But that isn’t all. The company also lost money on woke projects. In December of 2022, Disney lost $147 million on a film called Strange World which allegedly shoe horns gay characters into the story along with a bunch of tropey ‘gen z’ political bs that kids simply do not need or get and that make for a boring story. Even liberal critics hated it. Just prior to this flop, in March of 2022, Disney lost $167 million on Turning Red which is a feature length film that is a totally unveiled metaphor for periods. Disney has not produced an animated box office hit (that wasn’t a sequel) since Moana in 2016. If you count sequels, it was Frozen II in 2019 which suffered critically also due to wokeness. 

The financial ramifications of these major studio losses and lack of trust with core customer base has for the first time in common memory ushered in discussions of a Disney acquisition (by Apple). 

But it’s not as simple as “go woke go broke” for all brands. For example, Nike, who literally invented Black Lives Matter and sponsored Colin Kaepernick to kneel for the anthem, is doing very well with their new Mulvaney partnership. Since their progressive activism began in 2016, their trends have been mostly upward. Nike, unlike Bud Light and unlike Disney, was never in a market position which served consumers with traditional values. They’ve always been urban focused toward younger singles and athletes. So when they “go woke” they do fine or even do very well. For now. 

The problem with “going woke” even for corporations who are positioned appropriately in the marketplace is that it’s a lie. The morality of the religion known as “progressive” has very strict rules which are constantly moving and are unyielding to reason. So when corporations prey on that morality thinking they can make a buck off the back of emotional actors, they’re right but it comes with a price. Starbucks has long been led by uber liberal executives who have capitalized on every progressive movement they possibly could from “fair trade” coffee (sure) to rainbow colored merchandise during Pride Month. But now that their Baristas want to form a union, a move which would almost certainly uphold Starbucks’s current business model, their executives aren’t so keen on the progressive way of life. This hypocrisy (or really, reveal of the big corporate woke lie) has significantly damaged the brand with liberals and they don’t have a big conservative back up to support them (Dunkin stole them years ago). The Congressional hearings and labor inquiries into the company caused major stock dips which are on a rebound but to be seen what will happen at the end of the day.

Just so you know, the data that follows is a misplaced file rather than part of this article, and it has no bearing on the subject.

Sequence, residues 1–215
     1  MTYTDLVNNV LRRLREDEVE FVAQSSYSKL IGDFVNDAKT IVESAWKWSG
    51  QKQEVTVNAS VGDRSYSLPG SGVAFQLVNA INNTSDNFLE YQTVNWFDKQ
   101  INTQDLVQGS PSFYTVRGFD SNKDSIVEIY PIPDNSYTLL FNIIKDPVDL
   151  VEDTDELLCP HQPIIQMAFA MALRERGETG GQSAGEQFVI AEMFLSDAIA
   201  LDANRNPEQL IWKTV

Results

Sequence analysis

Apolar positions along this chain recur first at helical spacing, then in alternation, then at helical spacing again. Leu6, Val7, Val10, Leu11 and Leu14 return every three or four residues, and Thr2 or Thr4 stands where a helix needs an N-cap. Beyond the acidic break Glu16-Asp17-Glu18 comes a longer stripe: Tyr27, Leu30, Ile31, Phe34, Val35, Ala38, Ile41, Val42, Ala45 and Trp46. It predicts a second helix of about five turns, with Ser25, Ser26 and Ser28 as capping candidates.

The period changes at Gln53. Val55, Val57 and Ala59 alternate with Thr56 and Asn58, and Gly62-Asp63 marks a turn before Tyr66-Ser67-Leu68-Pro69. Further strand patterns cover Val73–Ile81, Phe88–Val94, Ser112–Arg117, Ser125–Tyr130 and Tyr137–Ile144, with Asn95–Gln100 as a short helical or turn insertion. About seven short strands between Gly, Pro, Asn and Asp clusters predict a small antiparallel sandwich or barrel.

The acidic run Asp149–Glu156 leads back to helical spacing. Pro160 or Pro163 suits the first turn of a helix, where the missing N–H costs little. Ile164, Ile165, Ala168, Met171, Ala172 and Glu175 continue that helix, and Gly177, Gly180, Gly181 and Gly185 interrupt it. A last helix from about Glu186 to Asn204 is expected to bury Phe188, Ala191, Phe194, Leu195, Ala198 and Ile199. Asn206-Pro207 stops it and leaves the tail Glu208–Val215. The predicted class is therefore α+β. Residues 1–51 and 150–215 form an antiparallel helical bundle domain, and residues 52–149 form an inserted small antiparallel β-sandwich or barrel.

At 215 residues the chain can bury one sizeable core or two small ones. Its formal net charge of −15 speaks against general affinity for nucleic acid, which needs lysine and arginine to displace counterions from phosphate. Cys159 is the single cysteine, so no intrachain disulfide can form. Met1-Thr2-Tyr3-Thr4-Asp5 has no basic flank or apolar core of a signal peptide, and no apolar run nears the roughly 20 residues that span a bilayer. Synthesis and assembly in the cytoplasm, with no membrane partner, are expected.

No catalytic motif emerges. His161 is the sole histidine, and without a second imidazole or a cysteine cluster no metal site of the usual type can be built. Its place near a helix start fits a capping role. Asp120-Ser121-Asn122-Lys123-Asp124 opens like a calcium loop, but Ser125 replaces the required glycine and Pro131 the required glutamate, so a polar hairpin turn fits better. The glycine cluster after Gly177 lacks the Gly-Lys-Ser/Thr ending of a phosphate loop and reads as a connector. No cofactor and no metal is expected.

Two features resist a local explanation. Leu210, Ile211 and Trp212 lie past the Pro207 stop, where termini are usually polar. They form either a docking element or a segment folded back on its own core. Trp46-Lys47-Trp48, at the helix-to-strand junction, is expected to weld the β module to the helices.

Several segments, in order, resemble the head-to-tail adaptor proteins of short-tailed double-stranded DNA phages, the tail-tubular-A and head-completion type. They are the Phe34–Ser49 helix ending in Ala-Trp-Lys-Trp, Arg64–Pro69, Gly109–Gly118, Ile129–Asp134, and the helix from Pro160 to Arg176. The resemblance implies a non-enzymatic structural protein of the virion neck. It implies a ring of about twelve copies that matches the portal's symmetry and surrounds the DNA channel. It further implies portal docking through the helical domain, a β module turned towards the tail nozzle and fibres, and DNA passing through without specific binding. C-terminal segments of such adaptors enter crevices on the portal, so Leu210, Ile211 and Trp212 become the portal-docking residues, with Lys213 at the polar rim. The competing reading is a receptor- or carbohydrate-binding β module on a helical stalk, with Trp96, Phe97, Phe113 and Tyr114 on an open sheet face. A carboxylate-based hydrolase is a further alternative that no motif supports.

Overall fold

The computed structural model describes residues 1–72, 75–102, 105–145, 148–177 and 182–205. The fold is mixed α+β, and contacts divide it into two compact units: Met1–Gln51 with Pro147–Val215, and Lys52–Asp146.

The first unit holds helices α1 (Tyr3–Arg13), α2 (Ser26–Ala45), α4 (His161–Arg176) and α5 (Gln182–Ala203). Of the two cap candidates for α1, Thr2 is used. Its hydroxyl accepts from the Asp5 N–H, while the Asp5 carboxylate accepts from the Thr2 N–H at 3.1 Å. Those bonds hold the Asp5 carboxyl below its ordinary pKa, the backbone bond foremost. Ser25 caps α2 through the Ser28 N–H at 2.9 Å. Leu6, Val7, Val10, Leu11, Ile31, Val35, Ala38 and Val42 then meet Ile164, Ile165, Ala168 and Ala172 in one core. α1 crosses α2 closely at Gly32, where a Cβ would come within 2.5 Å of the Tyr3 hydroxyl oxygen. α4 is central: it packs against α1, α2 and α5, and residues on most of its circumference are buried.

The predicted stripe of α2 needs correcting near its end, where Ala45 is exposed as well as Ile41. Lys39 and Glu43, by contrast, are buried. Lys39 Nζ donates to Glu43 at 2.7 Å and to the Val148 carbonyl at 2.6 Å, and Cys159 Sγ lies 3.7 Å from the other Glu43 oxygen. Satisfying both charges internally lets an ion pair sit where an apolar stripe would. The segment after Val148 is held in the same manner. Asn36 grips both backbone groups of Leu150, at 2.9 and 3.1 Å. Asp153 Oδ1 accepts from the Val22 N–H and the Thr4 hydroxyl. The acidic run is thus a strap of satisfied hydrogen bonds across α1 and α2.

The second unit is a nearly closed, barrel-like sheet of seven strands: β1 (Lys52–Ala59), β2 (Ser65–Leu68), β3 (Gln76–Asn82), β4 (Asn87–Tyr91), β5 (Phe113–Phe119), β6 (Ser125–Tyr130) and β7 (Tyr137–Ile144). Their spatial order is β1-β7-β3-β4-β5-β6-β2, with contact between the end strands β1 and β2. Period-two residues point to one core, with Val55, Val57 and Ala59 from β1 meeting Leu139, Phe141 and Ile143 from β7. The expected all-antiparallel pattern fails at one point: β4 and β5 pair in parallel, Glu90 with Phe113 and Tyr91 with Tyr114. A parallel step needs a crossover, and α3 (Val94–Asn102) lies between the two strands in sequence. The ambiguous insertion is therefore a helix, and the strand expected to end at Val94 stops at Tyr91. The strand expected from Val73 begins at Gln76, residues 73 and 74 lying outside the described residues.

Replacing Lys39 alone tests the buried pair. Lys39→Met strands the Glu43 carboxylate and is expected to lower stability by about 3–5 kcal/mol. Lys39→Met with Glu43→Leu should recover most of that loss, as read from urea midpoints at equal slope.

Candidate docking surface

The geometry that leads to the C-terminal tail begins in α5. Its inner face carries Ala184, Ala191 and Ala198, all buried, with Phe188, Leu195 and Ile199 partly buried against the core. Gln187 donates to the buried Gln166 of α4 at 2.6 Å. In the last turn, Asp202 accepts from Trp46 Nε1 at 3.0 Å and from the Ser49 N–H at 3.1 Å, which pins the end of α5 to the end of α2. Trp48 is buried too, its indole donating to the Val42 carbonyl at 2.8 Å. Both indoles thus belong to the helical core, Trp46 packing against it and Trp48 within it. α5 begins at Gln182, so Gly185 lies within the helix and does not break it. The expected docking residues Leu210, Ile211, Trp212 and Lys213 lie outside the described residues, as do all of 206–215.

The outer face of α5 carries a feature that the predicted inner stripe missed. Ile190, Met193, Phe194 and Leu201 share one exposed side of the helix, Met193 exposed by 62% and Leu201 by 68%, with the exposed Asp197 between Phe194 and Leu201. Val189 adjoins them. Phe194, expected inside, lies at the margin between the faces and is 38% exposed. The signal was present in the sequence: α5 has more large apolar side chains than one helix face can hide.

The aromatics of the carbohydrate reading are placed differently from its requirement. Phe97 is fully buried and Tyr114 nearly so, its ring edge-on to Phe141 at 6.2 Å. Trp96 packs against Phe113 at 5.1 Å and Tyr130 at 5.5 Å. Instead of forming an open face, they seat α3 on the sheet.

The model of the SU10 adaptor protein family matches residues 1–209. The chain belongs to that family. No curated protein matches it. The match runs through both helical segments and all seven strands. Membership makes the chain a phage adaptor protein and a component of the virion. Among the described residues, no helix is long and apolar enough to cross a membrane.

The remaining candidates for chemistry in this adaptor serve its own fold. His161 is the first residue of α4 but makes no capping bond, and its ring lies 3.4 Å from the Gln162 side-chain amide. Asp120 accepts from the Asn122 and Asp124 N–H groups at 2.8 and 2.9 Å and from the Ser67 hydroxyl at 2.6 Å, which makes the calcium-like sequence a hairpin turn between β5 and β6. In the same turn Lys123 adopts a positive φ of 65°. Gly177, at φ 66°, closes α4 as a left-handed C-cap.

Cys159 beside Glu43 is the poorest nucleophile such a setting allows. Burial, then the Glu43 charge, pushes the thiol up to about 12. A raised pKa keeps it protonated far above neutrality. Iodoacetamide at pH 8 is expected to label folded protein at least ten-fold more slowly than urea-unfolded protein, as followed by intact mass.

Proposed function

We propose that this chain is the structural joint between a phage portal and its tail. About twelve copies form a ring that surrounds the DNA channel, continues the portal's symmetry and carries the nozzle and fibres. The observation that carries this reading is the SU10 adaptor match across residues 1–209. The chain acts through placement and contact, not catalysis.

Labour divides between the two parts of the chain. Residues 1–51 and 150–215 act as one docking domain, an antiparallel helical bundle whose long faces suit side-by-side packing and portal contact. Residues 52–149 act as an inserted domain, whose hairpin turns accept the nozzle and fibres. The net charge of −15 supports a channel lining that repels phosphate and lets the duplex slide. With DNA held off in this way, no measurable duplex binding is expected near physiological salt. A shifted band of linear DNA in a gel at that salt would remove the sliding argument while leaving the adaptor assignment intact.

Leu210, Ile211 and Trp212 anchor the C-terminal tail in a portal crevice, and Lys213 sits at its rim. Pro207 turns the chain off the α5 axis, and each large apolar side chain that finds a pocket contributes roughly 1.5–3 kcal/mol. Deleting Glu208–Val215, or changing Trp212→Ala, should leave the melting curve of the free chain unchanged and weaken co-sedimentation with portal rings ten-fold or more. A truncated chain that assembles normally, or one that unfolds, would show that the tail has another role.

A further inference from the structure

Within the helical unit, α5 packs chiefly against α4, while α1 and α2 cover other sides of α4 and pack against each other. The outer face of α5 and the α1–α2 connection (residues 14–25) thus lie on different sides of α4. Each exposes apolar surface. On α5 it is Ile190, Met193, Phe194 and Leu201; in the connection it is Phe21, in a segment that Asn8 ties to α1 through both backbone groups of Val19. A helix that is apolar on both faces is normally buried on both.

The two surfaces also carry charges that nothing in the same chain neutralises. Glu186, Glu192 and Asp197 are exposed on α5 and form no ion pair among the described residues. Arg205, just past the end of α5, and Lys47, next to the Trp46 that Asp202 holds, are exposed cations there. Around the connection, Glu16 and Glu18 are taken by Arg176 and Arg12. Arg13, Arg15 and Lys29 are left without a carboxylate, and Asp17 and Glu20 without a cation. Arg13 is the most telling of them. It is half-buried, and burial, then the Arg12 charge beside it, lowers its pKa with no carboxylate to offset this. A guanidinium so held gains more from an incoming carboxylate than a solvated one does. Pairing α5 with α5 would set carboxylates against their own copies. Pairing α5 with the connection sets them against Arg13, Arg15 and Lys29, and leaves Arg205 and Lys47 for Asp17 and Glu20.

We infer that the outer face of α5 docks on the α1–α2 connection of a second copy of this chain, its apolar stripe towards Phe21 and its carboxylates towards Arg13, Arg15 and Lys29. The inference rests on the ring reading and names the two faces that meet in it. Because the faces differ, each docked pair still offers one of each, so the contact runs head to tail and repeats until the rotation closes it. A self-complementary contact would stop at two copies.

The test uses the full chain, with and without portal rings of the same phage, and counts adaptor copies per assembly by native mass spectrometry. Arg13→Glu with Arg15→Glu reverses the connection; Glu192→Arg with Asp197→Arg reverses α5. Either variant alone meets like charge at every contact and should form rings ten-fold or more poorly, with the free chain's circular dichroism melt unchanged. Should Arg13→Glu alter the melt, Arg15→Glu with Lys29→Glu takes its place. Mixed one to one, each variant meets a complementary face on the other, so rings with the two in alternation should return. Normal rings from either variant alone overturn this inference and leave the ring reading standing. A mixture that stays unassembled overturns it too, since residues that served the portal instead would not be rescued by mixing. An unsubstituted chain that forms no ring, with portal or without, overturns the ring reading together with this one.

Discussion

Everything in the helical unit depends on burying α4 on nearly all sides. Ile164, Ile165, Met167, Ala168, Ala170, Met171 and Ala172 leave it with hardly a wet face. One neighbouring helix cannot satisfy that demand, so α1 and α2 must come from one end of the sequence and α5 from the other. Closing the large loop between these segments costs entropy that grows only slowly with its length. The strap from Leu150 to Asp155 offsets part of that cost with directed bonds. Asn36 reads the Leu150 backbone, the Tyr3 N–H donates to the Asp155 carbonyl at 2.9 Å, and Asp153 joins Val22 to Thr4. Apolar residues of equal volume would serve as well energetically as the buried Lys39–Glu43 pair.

Where companies tend to “go broke” isn’t so much that they get canceled for being woke, it’s where there are better alternatives in their same market position. Conservatives looking to become more ideological capitalists should seek to spend money where there are superior alternatives to products and services they feel have let them down. Illumination studios is a growing counter to Disney. Dunkin Donuts has always been the working man’s coffee versus Starbucks elitism. It doesn’t always have to be a “canceled” situation. It can be about putting pressure on companies to compete with their rivals without totally walking away from them if you still enjoy the product.